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This, like many of the other large open spaces and temples in the area, is used as a performance ground for a plethora of dances and shows that take place each evening in Ubud. I have to admit, my experience of "dance" on our travels so far hasn't been thrilling. The performance of an excerpt of the Ramayana in the royal theatre in Luang Prabang was almost enough to send me to sleep, so the opportunity to see some Kecak (pronounced KEH-CHAK) dancing didn't really interest me. However, Gilly was quite keen, and it did also have some sort of fire trance dance involved as well, so we took a gamble on it. Apparently, Kecak dancing is predominantly a male activity (there are many groups performing in and around Ubud) but we were lucky enough to book to see one of the first female Kecak groups. After walking up to find the area the dance was going to be performed in, we met a man who was busy husking coconuts to be used for the fire. His wife was one of the dancers, and we decided to buy tickets from him rather than one of the many, many touts around town. He zoomed off on his motorbike and returned 5 minutes later with the tickets - presumably having bought them from a tout! The dance was interesting. It was all done acapella-style, with sections of the group making the beat, whilst others were chanting. There wasn't much "dance" as such, more like sitting down and swaying. The Ramayana was involved, of course, and they condensed a large portion of one story into quite a short period of time which made things more evenly spaced. The costumes were very ornate, and the man playing the evil king that Rama has to overcome had an amazingly evil laugh. It sounded like something out of a cartoon.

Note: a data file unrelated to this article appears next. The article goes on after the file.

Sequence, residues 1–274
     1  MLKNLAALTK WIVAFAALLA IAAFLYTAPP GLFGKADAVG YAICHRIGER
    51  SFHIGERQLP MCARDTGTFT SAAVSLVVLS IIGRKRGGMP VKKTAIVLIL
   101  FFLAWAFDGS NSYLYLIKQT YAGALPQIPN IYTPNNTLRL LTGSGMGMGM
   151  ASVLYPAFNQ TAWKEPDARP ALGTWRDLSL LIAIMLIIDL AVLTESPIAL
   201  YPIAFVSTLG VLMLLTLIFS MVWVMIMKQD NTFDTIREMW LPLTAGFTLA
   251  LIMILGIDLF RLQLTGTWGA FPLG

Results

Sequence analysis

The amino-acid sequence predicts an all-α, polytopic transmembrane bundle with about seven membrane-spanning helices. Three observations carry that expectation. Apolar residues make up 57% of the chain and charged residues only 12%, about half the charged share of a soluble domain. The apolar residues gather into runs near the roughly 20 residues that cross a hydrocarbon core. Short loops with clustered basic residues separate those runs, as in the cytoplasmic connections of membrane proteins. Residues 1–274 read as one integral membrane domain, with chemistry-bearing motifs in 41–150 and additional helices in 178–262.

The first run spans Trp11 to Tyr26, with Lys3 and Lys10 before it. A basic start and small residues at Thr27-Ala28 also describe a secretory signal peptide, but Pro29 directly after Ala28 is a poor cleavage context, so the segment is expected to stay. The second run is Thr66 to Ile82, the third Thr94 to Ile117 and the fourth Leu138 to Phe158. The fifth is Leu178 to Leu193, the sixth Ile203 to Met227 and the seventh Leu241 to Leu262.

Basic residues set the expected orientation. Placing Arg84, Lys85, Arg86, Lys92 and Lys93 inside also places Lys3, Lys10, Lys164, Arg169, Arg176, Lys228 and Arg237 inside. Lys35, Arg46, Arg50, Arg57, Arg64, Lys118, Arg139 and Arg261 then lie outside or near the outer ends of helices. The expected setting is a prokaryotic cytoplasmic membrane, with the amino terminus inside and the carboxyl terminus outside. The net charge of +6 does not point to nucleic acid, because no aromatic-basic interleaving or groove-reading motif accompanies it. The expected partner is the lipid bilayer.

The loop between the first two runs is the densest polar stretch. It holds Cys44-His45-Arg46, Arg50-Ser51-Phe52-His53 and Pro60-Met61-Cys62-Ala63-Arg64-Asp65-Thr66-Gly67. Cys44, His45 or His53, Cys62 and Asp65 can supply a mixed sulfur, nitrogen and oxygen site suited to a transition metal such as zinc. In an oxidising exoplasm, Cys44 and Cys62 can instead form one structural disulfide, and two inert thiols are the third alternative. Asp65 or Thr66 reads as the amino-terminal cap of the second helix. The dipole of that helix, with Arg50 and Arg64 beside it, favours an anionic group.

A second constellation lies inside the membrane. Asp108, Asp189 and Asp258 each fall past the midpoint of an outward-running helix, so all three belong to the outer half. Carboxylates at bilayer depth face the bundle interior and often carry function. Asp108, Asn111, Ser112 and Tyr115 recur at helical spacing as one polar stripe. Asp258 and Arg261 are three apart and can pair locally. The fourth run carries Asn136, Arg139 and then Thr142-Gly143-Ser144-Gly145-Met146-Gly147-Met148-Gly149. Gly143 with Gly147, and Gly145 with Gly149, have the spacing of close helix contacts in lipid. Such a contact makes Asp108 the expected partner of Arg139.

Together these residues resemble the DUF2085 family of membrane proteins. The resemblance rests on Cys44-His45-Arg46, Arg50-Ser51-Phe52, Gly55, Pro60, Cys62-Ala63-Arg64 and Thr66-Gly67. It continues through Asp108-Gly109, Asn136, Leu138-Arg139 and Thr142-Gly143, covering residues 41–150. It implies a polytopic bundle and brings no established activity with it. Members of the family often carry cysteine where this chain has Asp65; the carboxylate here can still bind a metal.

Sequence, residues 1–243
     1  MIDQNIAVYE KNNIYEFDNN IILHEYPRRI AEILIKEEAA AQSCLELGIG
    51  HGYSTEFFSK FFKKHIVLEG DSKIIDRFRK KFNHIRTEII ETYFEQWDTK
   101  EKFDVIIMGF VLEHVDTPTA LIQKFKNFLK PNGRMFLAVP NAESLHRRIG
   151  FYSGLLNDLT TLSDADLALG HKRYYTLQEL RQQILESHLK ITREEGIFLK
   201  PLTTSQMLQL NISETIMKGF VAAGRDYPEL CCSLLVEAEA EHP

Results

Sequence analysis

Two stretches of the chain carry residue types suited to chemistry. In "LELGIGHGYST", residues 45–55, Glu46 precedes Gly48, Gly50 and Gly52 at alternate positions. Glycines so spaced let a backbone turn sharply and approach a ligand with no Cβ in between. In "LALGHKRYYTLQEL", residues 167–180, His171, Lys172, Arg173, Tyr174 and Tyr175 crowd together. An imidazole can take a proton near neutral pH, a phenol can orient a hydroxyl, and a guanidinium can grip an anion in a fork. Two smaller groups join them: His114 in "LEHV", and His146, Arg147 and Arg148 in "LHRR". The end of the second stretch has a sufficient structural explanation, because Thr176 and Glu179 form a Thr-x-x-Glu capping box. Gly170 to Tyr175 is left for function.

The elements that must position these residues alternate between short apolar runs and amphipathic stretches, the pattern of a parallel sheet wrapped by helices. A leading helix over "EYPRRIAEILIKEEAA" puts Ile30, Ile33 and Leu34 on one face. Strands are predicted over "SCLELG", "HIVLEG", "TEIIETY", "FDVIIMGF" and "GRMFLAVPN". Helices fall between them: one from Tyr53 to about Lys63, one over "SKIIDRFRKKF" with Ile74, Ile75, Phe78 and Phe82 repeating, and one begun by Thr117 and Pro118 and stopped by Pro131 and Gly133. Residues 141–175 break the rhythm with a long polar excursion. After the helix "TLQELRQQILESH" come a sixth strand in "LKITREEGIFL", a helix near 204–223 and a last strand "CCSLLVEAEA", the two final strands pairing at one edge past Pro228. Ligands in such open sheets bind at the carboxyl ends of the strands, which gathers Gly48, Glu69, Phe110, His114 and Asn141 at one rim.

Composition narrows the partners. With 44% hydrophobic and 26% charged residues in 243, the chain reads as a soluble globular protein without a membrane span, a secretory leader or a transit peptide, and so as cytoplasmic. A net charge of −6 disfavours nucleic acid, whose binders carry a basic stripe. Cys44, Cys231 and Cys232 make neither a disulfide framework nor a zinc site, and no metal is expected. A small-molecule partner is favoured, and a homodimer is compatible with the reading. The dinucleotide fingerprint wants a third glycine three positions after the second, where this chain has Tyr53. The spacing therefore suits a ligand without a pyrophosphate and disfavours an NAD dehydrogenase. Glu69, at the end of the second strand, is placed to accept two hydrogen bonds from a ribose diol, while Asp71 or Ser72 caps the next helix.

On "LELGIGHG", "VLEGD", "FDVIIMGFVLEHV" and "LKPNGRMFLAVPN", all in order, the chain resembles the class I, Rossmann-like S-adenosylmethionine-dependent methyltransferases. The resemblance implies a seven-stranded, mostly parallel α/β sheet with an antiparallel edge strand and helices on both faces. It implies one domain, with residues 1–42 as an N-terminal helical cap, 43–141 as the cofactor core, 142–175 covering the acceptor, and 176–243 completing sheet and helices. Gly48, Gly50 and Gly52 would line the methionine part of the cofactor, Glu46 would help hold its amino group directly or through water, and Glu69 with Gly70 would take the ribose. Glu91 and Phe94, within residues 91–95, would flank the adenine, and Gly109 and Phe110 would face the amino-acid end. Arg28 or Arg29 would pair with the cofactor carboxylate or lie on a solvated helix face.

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The highlight of the show was the fire trance. A man came down the steps wearing a grass skirt which was fashioned into a horse, and was put into a trance by another chap which seemed to be done solely by flicking water at his face. Then a mountain of coconut shells was set on fire, and the hypnotised man proceeded to stamp all over the red hot embers of the coconuts.